And over the decades, I’ve learned to connect history and memory to my current senior moment. Burning Buddhists, Gulf of Tonkin, Ho Chi Minh, Robert McNamera, 9/11, Donald Rumsfeld, Che Guevara, Daniel Ortega, Dick Cheney and George Bush, Rolling Thunder, Shock and Awe, resistance, rebellion, revolution, insurrection, mystery and desire all connected, all within reach. I embrace them, bound in precious volumes and arranged in the arsenal of my senior moments.

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Profile photo of Charles Degelman Charles Degelman
Writer, editor, and educator based in Los Angeles. He's also played a lot of music. Degelman teaches writing at California State University, Los Angeles. 

Degelman lives in the hills of Hollywood with his companion on the road of life, four cats, assorted dogs, and a coterie of communard brothers and sisters.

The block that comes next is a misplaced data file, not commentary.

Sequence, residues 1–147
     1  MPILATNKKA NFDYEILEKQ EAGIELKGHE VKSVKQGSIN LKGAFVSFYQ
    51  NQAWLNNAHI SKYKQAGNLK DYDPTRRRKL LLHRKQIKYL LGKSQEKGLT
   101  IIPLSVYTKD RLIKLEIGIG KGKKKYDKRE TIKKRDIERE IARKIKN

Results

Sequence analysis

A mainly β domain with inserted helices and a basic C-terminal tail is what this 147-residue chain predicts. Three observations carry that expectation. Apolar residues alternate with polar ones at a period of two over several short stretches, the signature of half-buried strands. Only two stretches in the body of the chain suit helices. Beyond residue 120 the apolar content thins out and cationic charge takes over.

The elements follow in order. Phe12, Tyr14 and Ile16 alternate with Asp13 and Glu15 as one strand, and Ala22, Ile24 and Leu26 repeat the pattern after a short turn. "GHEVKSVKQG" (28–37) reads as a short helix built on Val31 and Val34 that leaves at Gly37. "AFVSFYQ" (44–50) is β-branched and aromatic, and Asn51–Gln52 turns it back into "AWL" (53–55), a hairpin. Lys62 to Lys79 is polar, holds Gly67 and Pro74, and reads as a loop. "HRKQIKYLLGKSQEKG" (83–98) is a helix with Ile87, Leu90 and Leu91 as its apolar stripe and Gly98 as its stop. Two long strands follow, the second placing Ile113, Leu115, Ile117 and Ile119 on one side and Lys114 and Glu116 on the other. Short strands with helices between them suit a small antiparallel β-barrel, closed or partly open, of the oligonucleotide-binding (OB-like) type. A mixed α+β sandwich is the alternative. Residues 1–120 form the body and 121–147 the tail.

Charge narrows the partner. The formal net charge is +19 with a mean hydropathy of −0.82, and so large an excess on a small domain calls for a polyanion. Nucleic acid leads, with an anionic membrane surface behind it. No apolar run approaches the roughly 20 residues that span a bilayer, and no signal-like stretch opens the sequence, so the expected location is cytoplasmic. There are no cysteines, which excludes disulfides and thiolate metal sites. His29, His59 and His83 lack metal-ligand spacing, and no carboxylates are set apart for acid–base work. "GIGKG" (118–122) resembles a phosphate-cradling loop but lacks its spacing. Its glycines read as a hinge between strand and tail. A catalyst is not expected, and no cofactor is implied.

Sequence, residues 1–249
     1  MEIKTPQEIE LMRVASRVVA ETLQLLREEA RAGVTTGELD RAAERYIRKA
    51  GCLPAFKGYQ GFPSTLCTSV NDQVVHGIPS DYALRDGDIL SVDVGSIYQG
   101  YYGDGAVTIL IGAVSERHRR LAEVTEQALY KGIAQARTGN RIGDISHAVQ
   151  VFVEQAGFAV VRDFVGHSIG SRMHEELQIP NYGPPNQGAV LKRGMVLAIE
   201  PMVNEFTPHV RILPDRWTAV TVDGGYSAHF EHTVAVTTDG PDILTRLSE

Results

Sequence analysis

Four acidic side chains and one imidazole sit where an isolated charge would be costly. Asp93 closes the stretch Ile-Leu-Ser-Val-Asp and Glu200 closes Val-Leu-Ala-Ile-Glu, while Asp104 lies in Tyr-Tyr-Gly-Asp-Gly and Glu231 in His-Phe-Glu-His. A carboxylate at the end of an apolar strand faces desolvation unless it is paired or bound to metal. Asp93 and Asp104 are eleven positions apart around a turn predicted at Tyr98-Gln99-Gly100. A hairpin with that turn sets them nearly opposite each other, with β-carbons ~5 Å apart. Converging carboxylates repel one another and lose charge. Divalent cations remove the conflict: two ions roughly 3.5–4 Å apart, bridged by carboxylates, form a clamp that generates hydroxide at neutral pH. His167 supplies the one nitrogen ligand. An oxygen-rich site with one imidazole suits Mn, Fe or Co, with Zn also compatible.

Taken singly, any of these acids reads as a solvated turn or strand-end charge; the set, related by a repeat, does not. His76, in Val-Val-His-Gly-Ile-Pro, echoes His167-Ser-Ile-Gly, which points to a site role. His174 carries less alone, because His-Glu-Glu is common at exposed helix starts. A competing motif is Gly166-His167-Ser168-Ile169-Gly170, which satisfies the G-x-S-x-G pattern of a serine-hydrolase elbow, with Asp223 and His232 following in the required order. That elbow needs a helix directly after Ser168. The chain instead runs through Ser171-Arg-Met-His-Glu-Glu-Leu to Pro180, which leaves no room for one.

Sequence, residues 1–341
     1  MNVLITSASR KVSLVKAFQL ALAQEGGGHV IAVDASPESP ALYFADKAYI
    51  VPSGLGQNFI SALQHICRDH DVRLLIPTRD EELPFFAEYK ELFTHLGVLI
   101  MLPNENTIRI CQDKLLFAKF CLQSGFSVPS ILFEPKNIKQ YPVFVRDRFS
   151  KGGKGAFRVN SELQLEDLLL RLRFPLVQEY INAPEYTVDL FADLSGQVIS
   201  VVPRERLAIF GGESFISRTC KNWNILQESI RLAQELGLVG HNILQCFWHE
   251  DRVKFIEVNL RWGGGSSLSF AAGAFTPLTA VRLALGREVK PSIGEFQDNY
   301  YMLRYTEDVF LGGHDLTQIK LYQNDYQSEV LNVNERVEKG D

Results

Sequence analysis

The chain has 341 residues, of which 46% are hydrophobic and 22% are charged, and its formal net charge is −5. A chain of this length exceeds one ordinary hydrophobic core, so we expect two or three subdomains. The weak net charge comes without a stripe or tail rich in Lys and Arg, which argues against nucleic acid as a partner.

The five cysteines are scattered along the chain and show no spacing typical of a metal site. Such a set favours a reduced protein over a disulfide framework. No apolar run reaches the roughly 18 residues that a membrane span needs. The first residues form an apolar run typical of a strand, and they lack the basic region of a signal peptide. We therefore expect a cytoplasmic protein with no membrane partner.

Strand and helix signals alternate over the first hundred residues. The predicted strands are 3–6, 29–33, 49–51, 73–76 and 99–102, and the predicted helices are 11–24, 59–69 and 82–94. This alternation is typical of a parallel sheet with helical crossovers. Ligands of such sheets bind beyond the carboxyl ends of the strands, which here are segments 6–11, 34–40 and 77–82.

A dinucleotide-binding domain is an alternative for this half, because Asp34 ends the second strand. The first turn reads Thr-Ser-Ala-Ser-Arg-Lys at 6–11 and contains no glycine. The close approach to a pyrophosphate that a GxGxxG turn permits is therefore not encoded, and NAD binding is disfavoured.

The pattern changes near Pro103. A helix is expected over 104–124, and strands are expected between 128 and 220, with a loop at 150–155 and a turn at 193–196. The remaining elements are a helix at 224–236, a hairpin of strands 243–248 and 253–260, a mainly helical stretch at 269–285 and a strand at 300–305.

Visit Author's Website



Characterizations: moving, well written

Comments

  1. Wonderful Charles, thanx for your beautifully-written look back at your richly-lived life from your present senior moment. Here’s to many more good years!

  2. Suzy says:

    This is lovely, Charlie. Thank you for reminding us of all the good senior moments one can have, and we probably all have, although maybe not as varied as yours. However, I have to say that I love the idea of a schematic on your closet door showing you how to put your pants on in the morning. 🙂

  3. Betsy Pfau says:

    A life well and diversely lived, Charlie. Thanks for reminding us that missing a few beats is nothing compared to creating the whole symphony.